Unlike Indonesia that does not have a highly developed economy, Japan is in many respects worse off owing to the looming threat of nuclear aftermath not just in the immediate future, but for the long-term. While small amounts of radioactive material has been released into the atmosphere in comparison with Chernobyl and Three Mile Island,there are many skeptics not just among such groups as Greenpeace, but among nuclear scientists that there may be a potential for greater damage to earth, air, and sea. As of 28 March 2011, the scientific community is much more pessimistic about contamination than it was when the aging reactors initially showed signs of trouble.
Besides the environmental disaster that has a regional impact and it could be much worse than we now believe, the loss of life and disruption of the lives of millions of people is another concern that will have a global impact. It is only natural that Japan's stock market would plunge as it has by about 17% in just two days after the disaster, and it is only natural that it would drag with it the rest of the world's markets along with it. And all of this taking place during the Libyan revolt turned into civil war that had energy prices rising. The world's economy is so tightly integrated that the disaster in Japan means that US and EU reinsurance companies, banks, bondholders, exporters and importers are all going to suffer, some for the short term before recovering eventually, others, like insurance companies, in a major way longer term.
As the world's third largest economy that has been having difficulty regaining its pre1980s momentum, Japan suffers from public debt that is twice its GDP. The catastrophe of 2011 could push Japan to the point of considering bankruptcy, a highly unlikely scenario. But what if it is unable to service its loans amid a deflationary economic climate and rising unemployment, what if it suffers greater devastation from the nuclear power plants, what if another natural disaster hits as some seismologists are predicting? Given that its debt-to-GDP ratio is 201%, and given that Japan will have to spend tens of billions in order to rebuild the infrastructure, debt-to-GDP ratio will climb much higher to levels that can only be supported if other countries step in to buy its bonds.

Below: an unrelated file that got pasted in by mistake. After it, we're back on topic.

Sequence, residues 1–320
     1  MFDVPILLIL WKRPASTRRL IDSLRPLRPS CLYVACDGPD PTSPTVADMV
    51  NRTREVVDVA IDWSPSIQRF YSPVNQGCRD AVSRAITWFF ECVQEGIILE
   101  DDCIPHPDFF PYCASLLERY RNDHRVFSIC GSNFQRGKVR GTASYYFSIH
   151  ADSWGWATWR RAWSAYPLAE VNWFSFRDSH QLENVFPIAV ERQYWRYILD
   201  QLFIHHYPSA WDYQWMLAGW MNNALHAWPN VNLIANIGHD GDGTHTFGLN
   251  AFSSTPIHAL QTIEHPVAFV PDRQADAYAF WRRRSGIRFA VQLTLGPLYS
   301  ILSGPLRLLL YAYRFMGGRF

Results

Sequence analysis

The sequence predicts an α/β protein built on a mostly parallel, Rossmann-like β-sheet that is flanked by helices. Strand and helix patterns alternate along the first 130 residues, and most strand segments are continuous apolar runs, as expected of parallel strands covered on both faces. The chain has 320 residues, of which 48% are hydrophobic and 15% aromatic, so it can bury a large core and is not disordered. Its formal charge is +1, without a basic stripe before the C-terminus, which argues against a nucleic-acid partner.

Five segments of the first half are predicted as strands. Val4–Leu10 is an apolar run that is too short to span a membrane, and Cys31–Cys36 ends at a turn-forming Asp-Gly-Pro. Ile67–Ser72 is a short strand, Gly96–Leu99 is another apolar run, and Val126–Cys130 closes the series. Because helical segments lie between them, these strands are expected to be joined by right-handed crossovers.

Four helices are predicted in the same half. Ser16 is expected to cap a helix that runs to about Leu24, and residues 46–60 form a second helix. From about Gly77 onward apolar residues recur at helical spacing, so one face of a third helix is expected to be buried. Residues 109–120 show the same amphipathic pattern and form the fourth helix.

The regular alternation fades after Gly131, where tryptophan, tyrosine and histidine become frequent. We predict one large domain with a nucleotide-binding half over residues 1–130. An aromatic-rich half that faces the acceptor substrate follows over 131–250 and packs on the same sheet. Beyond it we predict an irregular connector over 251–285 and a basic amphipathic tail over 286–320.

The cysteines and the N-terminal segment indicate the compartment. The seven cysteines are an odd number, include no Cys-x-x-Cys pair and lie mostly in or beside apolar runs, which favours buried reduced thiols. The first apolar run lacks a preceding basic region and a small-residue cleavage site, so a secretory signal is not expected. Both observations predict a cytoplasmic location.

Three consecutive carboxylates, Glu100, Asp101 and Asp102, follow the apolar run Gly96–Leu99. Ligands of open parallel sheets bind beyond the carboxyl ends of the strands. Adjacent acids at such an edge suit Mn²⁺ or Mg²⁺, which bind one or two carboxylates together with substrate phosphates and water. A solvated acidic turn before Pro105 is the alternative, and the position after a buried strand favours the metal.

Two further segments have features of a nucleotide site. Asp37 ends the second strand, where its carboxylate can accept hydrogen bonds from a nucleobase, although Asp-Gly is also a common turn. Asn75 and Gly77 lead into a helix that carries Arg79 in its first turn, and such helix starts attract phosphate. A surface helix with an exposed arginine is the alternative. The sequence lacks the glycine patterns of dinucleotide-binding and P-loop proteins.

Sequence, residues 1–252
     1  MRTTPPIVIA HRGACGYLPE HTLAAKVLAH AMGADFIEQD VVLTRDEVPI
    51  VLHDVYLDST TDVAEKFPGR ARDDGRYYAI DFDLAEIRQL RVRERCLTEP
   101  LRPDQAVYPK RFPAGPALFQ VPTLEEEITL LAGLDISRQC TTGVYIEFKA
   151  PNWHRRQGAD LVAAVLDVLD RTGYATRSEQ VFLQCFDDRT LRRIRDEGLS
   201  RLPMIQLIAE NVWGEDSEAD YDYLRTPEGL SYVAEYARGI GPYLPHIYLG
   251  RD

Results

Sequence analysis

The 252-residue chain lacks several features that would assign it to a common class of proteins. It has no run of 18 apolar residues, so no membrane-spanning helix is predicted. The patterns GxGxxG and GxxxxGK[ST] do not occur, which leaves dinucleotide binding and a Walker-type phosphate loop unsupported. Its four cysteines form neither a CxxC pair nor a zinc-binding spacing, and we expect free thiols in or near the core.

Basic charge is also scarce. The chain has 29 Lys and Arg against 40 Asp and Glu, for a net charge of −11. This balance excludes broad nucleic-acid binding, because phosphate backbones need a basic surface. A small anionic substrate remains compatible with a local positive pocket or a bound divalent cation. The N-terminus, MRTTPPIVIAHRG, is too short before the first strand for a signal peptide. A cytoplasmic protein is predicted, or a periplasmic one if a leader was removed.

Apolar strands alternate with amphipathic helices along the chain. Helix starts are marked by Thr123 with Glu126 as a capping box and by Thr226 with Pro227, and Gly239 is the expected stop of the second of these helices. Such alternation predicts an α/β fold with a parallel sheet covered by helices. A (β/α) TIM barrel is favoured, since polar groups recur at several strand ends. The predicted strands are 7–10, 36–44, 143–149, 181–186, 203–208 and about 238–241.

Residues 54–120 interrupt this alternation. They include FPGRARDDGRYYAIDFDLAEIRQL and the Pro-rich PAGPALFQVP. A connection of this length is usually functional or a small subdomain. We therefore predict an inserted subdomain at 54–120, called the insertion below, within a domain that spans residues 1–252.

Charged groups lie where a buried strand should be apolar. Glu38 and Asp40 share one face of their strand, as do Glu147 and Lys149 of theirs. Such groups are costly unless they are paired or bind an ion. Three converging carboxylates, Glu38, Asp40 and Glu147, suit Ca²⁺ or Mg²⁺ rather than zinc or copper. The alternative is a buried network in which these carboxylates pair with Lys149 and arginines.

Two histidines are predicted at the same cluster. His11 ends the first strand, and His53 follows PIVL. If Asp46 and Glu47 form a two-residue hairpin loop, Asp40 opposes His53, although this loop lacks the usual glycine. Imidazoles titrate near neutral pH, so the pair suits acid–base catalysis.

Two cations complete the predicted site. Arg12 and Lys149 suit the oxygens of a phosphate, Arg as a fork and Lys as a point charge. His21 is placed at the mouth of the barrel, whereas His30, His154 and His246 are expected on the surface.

The world is flooded with bonds and starving for cash exactly at the time that Japan may need $180 billion, or 3% of GDP. There are wild estimates that the cost longer term could rise to $1 trillion, or 20% of GDP, which is unsupportable. At most, it seems that Japan may suffer a bond rating cut from rating agencies like Moody's that recently warned about the high debt and future fiscal challenges. Japan, however, has been the world's production machine and its greatest asset is its population that will make the country stronger than it was before the tsunami.
While everything seems very bleak amid the shock of the tsunami and explosions in the two nuclear plants, the increasing concern of wider land, air and water contamination, longer-term Japan will become stronger than it was before the disaster of 2011. Unfortunately, many thousands have perished in the process, an unknown number may contract radiation sickness, and food and water may be a problem to add to the sea and air contamination that terrifies people because they know the consequences are long term.
Japan enjoys political stability under a neo-corporatist model around which there is broad popular consensus. Japan has greater social cohesion and cultural homogeneity than any western nation, it has a highly educated and hard-working population, a solid infrastructure that will be modernized, a solid industrialize base that will be updated, a culture of hard-working people that will be more united toward the goal of reconstruction, and a global trade network with a massive supplier and customer base. The earth quake and tsunami may actually propel Japan into another renewal such as it has not experienced since the end of the 1940s-early 1950s when it launched industrial development under the aegis of the US.
While long-term I am optimistic about Japan's capitalist economy, I am equally convinced that the socioeconomic gap will widen and the wall that is already very high against foreign labor could become higher. The labor market dualism, regular v. non-regular workers (estimated at 30%) earning considerably less (40% less on average) will continue, indirect taxes will rise, and social spending will decline to support infrastructure rebuilding.
Japan's income inequality and poverty have been rising in the last two decades and it is very likely that the catastrophe of 2011 will come on the backs of even greater income inequality. The Godzilla that devastated Japan is not the earth quake, the tsunami or even the considerable fallout from the nuclear plants. The real Godzilla is the regime that will use the catastrophe to exploit the hard-working people in order to strengthen the corporate structure so that the country can remain competitive on a world scale. In that respect, Japan's Godzilla is no different than that of America's Godzilla or of most countries around the planet.